Three Appendices are a part of this manual. Two of them deal respectively with Upper-Air Charts and Sounding Analysis Diagrams. Instructors should read them. They are designed to provide instructors with additional background information to increase their comfort level in teaching various topics relating to atmospheric dynamics. The third relates to Clarifications and Corrections that pertain to the original Wx2008 Course Manual, but not to the revised edition Wx2012 one. It is provided in case some students are using the Wx2008 manual. These Wx 2008 – Clarifications and Corrections also are included below on this web page.
In connection with the publication of the revised course manual, the PowerPoint presentation also has been updated with the addition of new slides and some minor changes in sequence. The revised presentation can be used with both the original and the revised course manuals.
There is an introductory set of five slides designed for use at the beginning of the first class. All the remaining slides are organized into the eight chapters of the manual. Within each chapter the slides are divided into two groups.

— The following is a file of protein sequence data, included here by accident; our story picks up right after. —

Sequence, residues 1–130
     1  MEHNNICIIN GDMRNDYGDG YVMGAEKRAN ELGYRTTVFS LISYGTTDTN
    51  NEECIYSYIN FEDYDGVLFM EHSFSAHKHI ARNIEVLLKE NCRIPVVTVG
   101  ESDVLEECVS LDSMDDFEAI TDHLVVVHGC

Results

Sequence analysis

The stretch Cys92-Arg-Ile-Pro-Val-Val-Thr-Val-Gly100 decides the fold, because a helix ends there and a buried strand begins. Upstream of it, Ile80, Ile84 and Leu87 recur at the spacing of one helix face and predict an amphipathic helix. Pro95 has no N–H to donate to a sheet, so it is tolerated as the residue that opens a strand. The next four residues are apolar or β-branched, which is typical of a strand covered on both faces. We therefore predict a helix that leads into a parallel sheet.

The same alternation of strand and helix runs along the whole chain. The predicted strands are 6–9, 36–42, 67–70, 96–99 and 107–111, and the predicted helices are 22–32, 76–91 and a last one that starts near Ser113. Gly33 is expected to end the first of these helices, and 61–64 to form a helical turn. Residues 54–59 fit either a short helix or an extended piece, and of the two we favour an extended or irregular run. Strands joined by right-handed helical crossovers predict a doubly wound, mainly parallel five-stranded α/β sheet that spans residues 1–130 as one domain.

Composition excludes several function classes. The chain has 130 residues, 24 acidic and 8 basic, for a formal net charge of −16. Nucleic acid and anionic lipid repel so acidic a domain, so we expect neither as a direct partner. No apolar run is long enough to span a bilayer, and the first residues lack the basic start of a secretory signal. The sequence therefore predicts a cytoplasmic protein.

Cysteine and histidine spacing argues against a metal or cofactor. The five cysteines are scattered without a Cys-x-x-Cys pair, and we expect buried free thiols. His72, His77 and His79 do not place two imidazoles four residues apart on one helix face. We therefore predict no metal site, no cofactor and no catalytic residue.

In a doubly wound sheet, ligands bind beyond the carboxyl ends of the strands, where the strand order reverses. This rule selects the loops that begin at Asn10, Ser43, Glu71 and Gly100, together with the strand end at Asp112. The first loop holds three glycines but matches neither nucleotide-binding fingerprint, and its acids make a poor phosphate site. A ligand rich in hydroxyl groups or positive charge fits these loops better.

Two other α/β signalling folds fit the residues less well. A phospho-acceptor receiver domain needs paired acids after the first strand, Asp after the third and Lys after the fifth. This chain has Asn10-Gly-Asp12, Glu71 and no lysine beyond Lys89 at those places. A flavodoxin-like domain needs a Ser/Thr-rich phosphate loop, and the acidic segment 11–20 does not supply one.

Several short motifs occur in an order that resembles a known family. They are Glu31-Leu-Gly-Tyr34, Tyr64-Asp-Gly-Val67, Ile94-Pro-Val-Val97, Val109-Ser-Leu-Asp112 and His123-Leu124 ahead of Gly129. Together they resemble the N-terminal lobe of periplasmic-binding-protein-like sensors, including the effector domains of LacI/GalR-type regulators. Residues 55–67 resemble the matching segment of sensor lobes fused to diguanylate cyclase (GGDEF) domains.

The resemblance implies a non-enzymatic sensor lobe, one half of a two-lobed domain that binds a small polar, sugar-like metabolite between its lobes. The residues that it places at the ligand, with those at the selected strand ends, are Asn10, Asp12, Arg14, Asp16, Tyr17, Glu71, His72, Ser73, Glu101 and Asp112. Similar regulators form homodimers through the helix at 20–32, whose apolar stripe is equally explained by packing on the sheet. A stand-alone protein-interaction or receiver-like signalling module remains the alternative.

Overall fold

Wx08 /Wx12 Slide Group: The slides in the first group are designated “Wx08” or “Wx12” to indicate which slides have been added with the revised edition of the course manual. This group of integrated slides is a complete presentation of the material covered (and closely follows the organization of topics) in the chapter. The group includes figures in the manual as well as some supplemental slides. The slides begin each chapter with a title slide and a class activities/demonstrations slide—the latter being mainly for the benefit of the instructor. Most instructors will probably hide it. Each chapter presentation ends with a chapter summary.
Wx02 Slide Group: After the Wx08/Wx12 slides there is another group of slides that is designated Wx02. These “hidden” slides are legacy slides from the predecessor Wx2002 course that did not make the cut for this course. They are included only as an additional convenient resource for instructors. Unlike the Wx08/Wx12 slides, the slide notes have not been edited.